from The Century Dictionary.

  • noun A small sum given back “for luck” to the purchaser or payer by the person who receives money in a bargain or other transaction.
  • noun A copper tossed overboard “for luck.”


Sorry, no etymologies found.


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  • And he was baith civil and just in his dealings; and if he thought his chapman had made a hard bargain, he wad gie him a luck-penny to the mends.

    Rob Roy 2005

  • The horse soon found a purchaser, and while the two were inside drinking the luck-penny the wizard came along and saw the horse.

    The Pink Fairy Book 2003

  • After a bad October Tryst, where my father had sixteen score of Aberdeenshire cattle, and when he lost £4 a-head upon every beast, Mr Geddes returned him £70 as a luck-penny upon a large lot he had bought from him.

    Cattle and Cattle-breeders William M'Combie

  • "Eight pounds five and ten shillings back for a luck-penny?"

    The Wind Bloweth Brian Oswald Donn-Byrne 1908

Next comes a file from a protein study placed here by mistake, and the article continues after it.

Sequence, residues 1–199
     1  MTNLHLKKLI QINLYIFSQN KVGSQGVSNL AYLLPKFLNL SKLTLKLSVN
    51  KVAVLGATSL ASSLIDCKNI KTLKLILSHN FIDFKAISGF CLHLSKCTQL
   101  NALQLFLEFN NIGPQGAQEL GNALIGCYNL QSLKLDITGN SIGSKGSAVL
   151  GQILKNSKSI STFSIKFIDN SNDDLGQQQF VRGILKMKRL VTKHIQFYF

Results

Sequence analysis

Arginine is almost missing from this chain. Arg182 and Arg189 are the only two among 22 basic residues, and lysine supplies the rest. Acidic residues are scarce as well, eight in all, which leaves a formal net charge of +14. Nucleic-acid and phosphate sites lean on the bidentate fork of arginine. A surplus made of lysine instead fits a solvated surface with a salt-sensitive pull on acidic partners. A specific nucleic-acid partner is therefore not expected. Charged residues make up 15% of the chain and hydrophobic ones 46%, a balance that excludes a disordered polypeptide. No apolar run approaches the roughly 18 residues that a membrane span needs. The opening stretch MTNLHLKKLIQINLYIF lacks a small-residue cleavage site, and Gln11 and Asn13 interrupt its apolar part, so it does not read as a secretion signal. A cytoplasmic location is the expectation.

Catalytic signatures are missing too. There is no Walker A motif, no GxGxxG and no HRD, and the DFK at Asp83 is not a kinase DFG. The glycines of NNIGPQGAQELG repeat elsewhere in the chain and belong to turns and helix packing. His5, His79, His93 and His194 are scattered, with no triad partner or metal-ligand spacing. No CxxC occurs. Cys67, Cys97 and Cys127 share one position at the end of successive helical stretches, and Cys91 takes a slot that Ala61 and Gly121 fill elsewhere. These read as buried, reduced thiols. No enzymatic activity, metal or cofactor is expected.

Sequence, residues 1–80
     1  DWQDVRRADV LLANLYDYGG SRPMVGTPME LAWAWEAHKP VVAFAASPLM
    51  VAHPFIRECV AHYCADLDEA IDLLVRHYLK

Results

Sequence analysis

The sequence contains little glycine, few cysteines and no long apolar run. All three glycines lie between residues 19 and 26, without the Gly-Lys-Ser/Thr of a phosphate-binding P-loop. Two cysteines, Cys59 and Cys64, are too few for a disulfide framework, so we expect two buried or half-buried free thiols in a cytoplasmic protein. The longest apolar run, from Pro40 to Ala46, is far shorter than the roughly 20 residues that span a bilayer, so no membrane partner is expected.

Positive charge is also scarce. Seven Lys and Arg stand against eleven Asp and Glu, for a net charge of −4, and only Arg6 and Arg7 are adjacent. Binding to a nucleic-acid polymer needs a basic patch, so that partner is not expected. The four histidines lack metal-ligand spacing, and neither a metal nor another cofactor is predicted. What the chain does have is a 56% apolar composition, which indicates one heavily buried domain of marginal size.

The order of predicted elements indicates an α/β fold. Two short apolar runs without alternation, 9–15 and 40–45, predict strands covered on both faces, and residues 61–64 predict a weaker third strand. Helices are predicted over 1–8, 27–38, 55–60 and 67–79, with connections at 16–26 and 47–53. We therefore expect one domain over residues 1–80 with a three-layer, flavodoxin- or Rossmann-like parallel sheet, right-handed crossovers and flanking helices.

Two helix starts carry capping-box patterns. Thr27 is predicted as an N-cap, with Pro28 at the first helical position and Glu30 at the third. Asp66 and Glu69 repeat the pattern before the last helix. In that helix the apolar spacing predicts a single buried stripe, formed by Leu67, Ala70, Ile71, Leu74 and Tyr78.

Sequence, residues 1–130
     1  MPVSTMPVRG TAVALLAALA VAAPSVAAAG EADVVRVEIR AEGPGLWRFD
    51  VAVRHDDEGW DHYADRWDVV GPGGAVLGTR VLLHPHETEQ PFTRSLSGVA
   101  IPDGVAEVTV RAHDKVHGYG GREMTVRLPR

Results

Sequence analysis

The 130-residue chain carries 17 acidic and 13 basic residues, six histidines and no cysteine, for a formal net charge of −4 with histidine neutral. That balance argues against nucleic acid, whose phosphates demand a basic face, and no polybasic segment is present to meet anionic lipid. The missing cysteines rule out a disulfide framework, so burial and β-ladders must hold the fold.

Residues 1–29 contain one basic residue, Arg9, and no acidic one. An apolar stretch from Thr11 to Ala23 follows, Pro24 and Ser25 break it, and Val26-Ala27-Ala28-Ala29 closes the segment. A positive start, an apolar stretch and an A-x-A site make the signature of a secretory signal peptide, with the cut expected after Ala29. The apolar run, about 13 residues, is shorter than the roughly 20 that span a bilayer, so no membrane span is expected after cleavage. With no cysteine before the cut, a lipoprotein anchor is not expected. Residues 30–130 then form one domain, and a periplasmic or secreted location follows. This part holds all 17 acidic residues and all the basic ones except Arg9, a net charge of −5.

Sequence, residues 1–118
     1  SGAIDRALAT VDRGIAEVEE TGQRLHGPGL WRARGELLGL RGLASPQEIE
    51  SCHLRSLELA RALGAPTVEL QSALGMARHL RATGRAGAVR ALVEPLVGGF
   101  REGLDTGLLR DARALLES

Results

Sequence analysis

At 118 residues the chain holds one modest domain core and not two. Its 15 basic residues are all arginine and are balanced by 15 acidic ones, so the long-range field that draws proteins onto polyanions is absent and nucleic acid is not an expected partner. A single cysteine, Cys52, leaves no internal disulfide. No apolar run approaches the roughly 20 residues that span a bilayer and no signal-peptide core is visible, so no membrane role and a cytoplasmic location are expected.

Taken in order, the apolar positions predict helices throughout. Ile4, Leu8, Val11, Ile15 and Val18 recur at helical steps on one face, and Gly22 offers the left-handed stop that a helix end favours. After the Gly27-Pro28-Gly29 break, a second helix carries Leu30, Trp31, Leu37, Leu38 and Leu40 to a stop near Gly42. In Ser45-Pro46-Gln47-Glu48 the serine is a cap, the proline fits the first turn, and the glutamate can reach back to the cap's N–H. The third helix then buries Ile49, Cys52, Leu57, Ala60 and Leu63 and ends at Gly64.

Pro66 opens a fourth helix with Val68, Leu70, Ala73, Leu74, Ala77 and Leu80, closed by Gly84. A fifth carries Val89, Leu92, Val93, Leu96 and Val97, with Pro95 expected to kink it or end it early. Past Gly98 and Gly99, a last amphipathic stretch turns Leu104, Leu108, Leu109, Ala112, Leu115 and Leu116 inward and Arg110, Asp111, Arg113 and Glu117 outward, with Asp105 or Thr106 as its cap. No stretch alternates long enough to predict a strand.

• From behind the mound of mutton chops a buyer shoved a roll of dirty one-pound notes round the potato dish, and after due haggling received back one, according to the mystic Irish custom of "luck-penny".

    All on the Irish Shore Irish Sketches Martin Ross 1903

  • On the sofa two farmers carried on a transaction in which the swap of a colt, boot money, and luck-penny were blended into one trackless maze of astuteness and arithmetic.

    All on the Irish Shore Irish Sketches Martin Ross 1903

  • "I beg your pardon, miss," said the ostler, at her elbow, "would ye be willing to give twenty pounds for the mare, and he to give back a pound luck-penny?"

    All on the Irish Shore Irish Sketches Martin Ross 1903

  • A peasant who has brought in a bullock to sell is offered 90 copper "uten" (as the rings are called) for it; but he loudly protests that this is robbery, and after a long argument he screws the merchant up to 111 "uten," with 8 more as a luck-penny, and the bargain is clinched.

    Peeps at Many Lands: Ancient Egypt James Baikie 1898

  • One of his customs is to filch a little gold from his mother and sister on the last day of Shrawan (July) and make it into a luck-penny.

    The Tribes and Castes of the Central Provinces of India - Volume IV of IV Kumhar-Yemkala Robert Vane Russell 1894

  • Now again he was confused, being sure that this beast had never been given back as a luck-penny, since it would have fetched more than the fifty angels on the market; moreover, it was harnessed with a woman's saddle and bridle of the most beautifully worked red Cordova leather, to which were attached a silver bit and stirrup.

    Fair Margaret Henry Rider Haggard 1890


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